Research Article | Open Access
Atish Mozumder, Anjani K. Singh, Pragati Sharma, "Study of Cylindrical Honeycomb Solar Collector", Journal of Solar Energy, vol. 2014, Article ID 539894, 7 pages, 2014. https://doi.org/10.1155/2014/539894
Study of Cylindrical Honeycomb Solar Collector
We present the results of our investigation on cylindrical honeycomb solar collector. The honeycomb has been fabricated with transparent cellulose triacetate polymer sheets. Insulation characteristics of the honeycomb were studied by varying the separation between the honeycomb and the absorber plate. The optimal value of the separation was found to be 3.3 mm for which the heat transfer coefficient is 3.06 W m−2 K−1. This supports result of previous similar experiments. Further we test the honeycomb through a field experiment conducted in Delhi (28.6°N, 77°E) and found that when the incident angle of the solar radiation is within 20° then the performance of the system with the honeycomb is better than the one without the honeycomb.
A solar collector converts the solar energy into useful heat in the most efficient way. The solar collector absorbs the whole of the spectrum, unlike the photovoltaic cell which converts a part of the solar spectrum. However the efficiency of solar collectors is low as a large fraction of heat is dissipated . The most significant part of heat loss from a solar thermal device is due to convection . The most important challenge connected with solar collector is to reduce this loss of heat from the collector surface which may be as high as 40%  and therefore it has attracted the attention of scientists working in this area. In order to reduce this heat loss, generally one or more transparent plates are used to cover the collector surface. In more recent devices the space between the collector surface and the cover plate is evacuated. This makes the manufacture of solar devices expensive and energy intensive. Furthermore, the maintenance of vacuum poses additional problem for large collector surfaces that are required for building or for industrial applications.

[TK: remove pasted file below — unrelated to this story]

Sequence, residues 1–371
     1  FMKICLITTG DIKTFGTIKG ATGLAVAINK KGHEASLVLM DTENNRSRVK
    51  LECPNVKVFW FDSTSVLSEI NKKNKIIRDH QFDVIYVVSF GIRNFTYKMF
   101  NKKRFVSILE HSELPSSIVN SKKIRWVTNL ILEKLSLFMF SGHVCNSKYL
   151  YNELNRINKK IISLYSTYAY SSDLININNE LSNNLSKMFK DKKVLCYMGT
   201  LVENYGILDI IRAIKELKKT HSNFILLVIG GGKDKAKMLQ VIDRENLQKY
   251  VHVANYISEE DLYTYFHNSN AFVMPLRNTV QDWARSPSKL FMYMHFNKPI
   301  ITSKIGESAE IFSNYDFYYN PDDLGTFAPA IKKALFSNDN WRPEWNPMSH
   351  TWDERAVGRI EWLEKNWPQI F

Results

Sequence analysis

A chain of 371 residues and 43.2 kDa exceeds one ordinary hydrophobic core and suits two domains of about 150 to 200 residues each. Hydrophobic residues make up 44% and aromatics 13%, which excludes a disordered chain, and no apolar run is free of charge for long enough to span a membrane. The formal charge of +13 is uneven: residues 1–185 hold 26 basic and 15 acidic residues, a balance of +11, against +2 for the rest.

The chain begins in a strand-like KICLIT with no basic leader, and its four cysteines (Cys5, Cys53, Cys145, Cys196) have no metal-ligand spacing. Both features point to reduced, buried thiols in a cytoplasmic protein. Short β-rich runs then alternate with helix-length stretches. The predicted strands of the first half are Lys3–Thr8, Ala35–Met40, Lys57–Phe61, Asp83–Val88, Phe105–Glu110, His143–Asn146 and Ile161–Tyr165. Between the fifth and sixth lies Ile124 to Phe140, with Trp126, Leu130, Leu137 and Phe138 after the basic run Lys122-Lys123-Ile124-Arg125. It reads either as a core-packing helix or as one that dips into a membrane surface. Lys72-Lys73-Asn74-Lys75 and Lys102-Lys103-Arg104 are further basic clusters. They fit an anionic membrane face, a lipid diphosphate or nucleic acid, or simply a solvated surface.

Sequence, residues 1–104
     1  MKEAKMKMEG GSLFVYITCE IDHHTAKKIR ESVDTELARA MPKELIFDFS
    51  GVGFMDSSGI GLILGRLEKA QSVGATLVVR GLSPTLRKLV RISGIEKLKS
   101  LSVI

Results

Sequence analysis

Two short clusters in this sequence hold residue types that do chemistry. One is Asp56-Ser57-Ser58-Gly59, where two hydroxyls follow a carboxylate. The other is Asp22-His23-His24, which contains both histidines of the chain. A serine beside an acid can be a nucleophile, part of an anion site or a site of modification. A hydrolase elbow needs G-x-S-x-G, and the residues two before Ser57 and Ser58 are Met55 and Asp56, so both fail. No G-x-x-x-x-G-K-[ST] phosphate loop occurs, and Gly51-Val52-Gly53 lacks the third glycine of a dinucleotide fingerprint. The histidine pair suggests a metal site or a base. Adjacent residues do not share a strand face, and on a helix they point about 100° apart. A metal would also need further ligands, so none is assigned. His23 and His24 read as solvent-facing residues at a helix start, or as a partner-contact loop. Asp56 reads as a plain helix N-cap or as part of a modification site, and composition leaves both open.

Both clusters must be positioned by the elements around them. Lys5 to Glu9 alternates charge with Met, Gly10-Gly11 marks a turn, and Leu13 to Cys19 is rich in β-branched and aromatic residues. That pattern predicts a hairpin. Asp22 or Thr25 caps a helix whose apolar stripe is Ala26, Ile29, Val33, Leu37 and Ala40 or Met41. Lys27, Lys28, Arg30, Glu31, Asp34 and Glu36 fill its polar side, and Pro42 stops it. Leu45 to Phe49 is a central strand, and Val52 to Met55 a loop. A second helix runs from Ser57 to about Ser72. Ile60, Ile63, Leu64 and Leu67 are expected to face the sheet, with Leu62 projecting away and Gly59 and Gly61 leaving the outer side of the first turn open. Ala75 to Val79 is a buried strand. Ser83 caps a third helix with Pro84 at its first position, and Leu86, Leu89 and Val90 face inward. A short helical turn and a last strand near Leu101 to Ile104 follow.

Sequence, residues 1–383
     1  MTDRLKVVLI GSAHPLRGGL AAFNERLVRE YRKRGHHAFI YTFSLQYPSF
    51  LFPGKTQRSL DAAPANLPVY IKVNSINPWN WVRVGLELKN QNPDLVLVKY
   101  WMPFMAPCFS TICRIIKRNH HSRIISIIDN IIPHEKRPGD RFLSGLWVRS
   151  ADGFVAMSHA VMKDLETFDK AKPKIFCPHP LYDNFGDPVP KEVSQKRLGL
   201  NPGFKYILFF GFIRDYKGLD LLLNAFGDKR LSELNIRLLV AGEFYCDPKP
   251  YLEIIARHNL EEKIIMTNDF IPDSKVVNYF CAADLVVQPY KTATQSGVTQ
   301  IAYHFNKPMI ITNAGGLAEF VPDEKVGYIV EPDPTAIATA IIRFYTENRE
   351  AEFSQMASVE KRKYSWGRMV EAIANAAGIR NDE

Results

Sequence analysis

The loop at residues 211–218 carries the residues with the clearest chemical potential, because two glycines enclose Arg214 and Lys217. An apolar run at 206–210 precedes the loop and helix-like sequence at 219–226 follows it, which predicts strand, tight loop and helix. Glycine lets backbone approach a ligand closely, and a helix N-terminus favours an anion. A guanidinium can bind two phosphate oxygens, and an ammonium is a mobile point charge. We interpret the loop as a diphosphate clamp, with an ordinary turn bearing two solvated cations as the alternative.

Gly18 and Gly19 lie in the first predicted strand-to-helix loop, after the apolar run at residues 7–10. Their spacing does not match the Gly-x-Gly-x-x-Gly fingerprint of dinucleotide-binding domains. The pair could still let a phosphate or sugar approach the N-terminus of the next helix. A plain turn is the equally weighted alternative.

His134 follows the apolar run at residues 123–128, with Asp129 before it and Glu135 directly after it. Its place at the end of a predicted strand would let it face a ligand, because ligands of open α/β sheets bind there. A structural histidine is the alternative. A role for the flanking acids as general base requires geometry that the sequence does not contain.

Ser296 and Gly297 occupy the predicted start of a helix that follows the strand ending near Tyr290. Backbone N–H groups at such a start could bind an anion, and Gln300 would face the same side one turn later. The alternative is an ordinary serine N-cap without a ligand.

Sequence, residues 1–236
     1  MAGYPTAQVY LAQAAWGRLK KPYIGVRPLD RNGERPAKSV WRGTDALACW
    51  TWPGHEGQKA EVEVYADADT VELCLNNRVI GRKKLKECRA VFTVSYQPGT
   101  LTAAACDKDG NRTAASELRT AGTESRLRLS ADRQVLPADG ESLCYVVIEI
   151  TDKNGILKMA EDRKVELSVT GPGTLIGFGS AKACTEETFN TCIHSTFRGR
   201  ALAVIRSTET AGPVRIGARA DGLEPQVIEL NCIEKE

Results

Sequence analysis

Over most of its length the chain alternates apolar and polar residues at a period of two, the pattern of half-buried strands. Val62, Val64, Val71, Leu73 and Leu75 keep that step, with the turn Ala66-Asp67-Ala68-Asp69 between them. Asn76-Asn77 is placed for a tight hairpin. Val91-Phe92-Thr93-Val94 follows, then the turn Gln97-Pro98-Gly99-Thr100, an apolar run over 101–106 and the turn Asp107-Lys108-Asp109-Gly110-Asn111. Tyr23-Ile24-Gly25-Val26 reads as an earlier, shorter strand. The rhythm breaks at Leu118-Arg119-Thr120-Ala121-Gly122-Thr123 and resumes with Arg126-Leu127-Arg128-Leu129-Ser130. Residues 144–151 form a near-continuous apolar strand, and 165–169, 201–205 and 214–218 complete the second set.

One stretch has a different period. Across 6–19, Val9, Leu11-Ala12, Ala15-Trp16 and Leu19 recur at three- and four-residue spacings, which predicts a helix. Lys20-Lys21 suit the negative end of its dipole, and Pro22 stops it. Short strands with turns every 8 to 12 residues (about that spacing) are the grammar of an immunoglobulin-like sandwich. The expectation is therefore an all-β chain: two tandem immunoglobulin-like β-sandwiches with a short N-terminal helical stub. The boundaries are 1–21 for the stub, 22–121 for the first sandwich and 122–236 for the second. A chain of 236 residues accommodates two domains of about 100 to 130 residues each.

The other alternative which has been explored since the 1970s is to use a honeycomb layer between the cover plate and the collector plate [4, 5]. The honeycomb suppresses the convection and also reduces the loss of energy due to radiation while it allows the solar energy to go through. Many variations of honeycomb have been attempted. These are classified as transparent insulation materials (TIM). A good review of such materials can be found in the paper by Wong et al. .
The honeycombs have been applied for water heating, air heating, and building application like windows [7–10]. In Israel, panels fitted with honeycombs are available commercially. In countries like India, the full potential of honeycombs has not been fully utilized. Honeycombs can make the solar cookers more effective by efficiently absorbing the solar energy during the day and retaining the heat till late afternoon and evening. The hot supper can be served directly from the solar cooker chamber without reheating. Most of the honeycombs investigated so far were with rectangular or square channels , fabricated with thick and hard materials. Zhang et al.  studied transparent cylindrical honeycomb structure with thin-walled glass tube as the honeycomb unit and applied to a flat-plate solar collector.
In the present investigation the honeycomb has been fabricated with transparent material of cellulose triacetate polymer sheets of thickness 0.1 mm. The thin material has the advantage that it absorbs less solar radiation . However it is difficult to construct a stable structure of square honeycombs with such thin material. Therefore we designed a cylindrical honeycomb using thin transparent sheets and investigated its properties in order to find its suitability in solar applications. The gap between the honeycomb layer and the collector plate plays a very crucial role in controlling the convective heat loss. A number of studies have also been reported on the effect of gap thicknesses between the honeycomb layer and the collector plate and also the gap between the cover plate and the honeycomb. Abou-Ziyan and Richards  presented results of an experimental study on the effect of the thickness of gaps between honeycomb and absorber plate and honeycomb and cover plate on the total heat transfer across a compound honeycomb and concluded that, even for relatively thick air gaps, the rectangular-cell compound honeycomb is found to be an effective convection suppressor. A compound honeycomb with air gaps above and below the honeycomb is shown to be superior in suppressing convection to a compound honeycomb of equal total thickness with only one air gap below the honeycomb.